The Rev. Arthur Humphrey

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Service planned today in storm-damaged church

The Rev. Arthur Humphrey was in hospice care when superstorm Sandy's tidal surge deluged his Little Ferry church, St. Margaret of Cortona.

As the devastation came into focus, church trustees and Father Humphrey's friends made the decision to shield the pastor from the awful news.

"We needed to," said Regina Coyle, a trustee of the 600-family Roman Catholic parish, which serves Little Ferry and Moonachie, the Bergen County towns hit hardest by Sandy. "Even if he understood what was going on, we didn't want him bothered by it. We needed to keep him at peace with everything he was going through."

The man known as Father Art fought melanoma for several years and died early Saturday at Villa Marie Claire, the residential hospice in Saddle River operated by Holy Name Medical Center. He was 63.

A Union County native, Father Humphrey came to St. Margaret of Cortona in 2000 from Montclair State University, where he was a chaplain and chairman of the interfaith campus ministry. He became an essential part of the Little Ferry community, offering prayers and benedictions |at Borough Council meetings and even officiating at Mayor Mauro Raguseo's April wedding.

At his last public appearance, he said a prayer at the June ceremony naming the Little Ferry post office after Marine Sgt. Matthew Fenton, a native son killed in Iraq in 2006.

"Father Art was a good man and quite the perfectionist," said Raguseo, a former Eucharistic minister. "He was very regimented and did things a certain way, but he was a great pastor and had a good sense of humor — a dry sense of humor."

Coyle said Father Humphrey was "very organized and very much in charge — he commanded a room when he walked in."

Father Humphrey entered Villa Marie Claire a week before the Oct. 29 storm. He arrived from a nursing facility in Teaneck.

The tidal surge sent 3 feet |of water from the Hackensack River into St. Margaret's sanctuary and 2 feet into the |social hall. Floodwaters also damaged the rectory and destroyed Father Humphrey's garaged |SUV.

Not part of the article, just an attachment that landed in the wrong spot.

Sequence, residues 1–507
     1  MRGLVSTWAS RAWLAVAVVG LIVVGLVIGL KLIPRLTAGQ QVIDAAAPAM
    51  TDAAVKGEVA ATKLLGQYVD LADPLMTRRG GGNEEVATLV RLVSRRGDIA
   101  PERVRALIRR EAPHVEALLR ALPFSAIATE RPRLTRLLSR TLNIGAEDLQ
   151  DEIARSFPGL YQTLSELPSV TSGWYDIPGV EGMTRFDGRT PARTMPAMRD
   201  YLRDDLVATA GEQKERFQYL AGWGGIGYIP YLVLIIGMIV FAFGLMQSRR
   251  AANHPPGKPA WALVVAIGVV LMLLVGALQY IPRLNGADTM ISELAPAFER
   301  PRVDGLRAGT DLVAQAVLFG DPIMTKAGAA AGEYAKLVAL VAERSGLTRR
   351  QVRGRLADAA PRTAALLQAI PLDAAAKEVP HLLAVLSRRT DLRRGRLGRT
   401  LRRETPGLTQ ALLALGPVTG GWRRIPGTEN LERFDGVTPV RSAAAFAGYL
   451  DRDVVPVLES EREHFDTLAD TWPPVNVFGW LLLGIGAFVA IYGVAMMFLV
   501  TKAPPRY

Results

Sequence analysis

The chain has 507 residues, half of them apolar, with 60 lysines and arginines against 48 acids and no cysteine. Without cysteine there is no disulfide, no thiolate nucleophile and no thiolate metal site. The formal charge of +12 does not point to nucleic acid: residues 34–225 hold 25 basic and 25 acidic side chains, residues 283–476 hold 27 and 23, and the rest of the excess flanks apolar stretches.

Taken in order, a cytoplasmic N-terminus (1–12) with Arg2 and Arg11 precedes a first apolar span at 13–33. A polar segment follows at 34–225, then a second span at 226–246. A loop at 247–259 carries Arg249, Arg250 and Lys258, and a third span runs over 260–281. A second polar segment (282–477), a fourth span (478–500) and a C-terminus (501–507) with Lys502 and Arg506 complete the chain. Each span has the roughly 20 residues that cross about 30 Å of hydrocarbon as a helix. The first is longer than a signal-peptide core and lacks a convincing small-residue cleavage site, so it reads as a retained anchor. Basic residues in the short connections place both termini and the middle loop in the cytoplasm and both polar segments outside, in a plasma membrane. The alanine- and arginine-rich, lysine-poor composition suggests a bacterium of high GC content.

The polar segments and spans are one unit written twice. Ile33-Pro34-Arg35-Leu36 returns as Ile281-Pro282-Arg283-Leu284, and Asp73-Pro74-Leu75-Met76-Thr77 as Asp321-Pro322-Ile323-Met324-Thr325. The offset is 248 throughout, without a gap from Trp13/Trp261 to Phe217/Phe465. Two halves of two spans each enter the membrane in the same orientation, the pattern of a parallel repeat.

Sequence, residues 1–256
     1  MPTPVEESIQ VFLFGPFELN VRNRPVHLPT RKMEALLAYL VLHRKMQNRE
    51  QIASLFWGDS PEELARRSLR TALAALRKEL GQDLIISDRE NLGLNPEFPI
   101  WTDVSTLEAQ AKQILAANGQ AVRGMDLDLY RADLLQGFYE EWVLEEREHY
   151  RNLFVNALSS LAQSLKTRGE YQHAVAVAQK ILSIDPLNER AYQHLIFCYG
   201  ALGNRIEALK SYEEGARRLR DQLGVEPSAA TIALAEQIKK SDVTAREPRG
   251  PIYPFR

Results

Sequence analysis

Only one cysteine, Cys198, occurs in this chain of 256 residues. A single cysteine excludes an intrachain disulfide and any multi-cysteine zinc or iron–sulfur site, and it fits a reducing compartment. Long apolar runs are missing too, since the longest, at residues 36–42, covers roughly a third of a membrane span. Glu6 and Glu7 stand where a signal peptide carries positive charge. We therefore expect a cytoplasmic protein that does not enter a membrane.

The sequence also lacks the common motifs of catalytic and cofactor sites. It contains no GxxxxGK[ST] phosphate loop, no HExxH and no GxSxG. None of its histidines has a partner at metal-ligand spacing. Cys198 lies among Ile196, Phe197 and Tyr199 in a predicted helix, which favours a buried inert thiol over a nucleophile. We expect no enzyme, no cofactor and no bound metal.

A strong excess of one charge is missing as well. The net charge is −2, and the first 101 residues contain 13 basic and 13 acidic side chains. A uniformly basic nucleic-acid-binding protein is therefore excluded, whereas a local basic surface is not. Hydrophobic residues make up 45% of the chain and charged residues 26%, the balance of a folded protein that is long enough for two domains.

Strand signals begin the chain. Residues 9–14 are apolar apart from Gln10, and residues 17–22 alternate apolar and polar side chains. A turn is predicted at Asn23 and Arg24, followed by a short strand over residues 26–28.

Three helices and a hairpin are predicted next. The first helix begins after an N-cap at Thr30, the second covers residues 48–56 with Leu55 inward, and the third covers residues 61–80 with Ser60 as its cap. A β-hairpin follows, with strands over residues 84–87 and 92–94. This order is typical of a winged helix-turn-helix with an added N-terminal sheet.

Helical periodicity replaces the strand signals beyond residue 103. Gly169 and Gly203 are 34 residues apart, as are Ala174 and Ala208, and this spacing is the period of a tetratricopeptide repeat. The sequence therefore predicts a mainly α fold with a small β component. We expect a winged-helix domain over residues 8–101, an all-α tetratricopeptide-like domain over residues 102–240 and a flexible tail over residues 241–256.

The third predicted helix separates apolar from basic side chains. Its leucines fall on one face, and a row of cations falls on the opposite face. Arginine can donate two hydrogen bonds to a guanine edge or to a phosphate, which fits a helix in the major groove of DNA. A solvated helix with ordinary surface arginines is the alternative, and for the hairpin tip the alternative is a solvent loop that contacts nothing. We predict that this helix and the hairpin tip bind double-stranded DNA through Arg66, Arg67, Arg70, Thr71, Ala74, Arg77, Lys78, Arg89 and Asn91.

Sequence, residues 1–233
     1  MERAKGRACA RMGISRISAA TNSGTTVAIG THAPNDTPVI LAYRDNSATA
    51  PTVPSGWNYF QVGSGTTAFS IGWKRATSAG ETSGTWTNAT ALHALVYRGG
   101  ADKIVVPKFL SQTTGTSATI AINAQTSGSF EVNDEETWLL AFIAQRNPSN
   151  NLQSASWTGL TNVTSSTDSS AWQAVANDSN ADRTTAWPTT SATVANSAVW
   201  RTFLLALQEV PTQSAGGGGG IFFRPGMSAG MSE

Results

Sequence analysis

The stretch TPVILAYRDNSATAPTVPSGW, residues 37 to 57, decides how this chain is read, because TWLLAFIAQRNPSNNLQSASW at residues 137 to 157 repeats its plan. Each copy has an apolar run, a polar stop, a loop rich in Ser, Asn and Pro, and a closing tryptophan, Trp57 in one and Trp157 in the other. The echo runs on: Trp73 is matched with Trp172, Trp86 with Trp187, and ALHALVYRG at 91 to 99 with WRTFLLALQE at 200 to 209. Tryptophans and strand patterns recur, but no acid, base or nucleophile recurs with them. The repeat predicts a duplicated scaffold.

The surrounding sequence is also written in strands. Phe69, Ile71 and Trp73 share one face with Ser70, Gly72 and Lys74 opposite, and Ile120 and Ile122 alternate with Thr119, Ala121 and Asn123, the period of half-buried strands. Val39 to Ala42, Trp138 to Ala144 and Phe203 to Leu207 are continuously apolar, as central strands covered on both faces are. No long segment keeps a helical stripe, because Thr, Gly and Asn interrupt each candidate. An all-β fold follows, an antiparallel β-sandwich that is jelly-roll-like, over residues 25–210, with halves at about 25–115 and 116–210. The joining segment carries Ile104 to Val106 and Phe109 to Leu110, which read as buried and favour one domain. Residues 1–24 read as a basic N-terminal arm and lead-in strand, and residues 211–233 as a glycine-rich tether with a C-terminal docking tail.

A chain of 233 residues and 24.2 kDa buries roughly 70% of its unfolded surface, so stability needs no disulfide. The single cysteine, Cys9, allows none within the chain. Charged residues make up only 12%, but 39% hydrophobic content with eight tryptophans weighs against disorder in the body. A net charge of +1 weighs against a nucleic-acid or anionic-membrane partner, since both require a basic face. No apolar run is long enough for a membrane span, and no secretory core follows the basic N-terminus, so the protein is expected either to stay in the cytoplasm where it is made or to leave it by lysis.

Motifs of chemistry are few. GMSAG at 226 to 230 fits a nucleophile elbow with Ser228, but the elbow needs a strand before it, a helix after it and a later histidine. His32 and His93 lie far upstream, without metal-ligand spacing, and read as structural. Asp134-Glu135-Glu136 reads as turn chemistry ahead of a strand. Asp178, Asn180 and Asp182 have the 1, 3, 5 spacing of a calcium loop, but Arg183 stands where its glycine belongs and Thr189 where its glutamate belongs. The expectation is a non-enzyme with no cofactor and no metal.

Sanctuary ï¾'in pieces'

Repairs at St. Margaret will cost an estimated $750,000, said Jim Goodness, director of communications for the Archdiocese of Newark.

"We had crews on the scene very quickly and they will continue to be there for some weeks to come," he said, adding that it is too early to predict when repairs will be completed.

Goodness said 50 church and school buildings in the archdiocese had storm damage, but St. Margaret's was among the worst. Coyle said the floodwaters left the sanctuary "in pieces" and ruined the public address system, organ and vestments.

Two months after they celebrated St. Margaret's centennial, parishioners are worshiping now at nearby churches, including St. Francis of Assisi in Ridgefield Park. But they will be return to St. Margaret at 3 p.m. today tues for the first phase of Father Humphrey's wake. The sanctuary has heat and electricity, and the mold has been removed and the air tested, but there is still much work to do, Coyle said.

The archdiocese approved plans to hold the wake in the sanctuary.

"We will lay him to rest knowing we will move on and restore this church," Coyle said.

From St. Margaret, Father Humphrey's casket will be taken to St. Francis in Ridgefield Park for a 7:30 p.m. vigil service, followed by another visitation until 9 p.m. The funeral Mass will be held at St. Francis on Wednesday at 10:30 a.m., with Newark Archbishop John J. Myers officiating. Burial will be in Immaculate Conception Cemetery, Montclair.

Among Father Humphrey's survivors are his brothers, Edward and Raymond.

Raguseo said Father Humphrey would have been proud of St. Margaret's role in the storm response. The social hall served as a community evacuation center until the water began to pour in. After the storm, the social hall was cleaned and pressed into service as a clearinghouse for relief supplies.

"I'm happy Father Art's casket will be at St. Margaret's for at least a brief time, even though the church is not near to being back to normal," the mayor said.

"This was his church, and he put everything he had into it for 12 years," he added. "If have no doubt that where he is now, at the gates to heaven, he is advocating for his parish and holding us in his prayers. And I know that will help us in our recovery."

Published in The Record on Nov. 27, 2012
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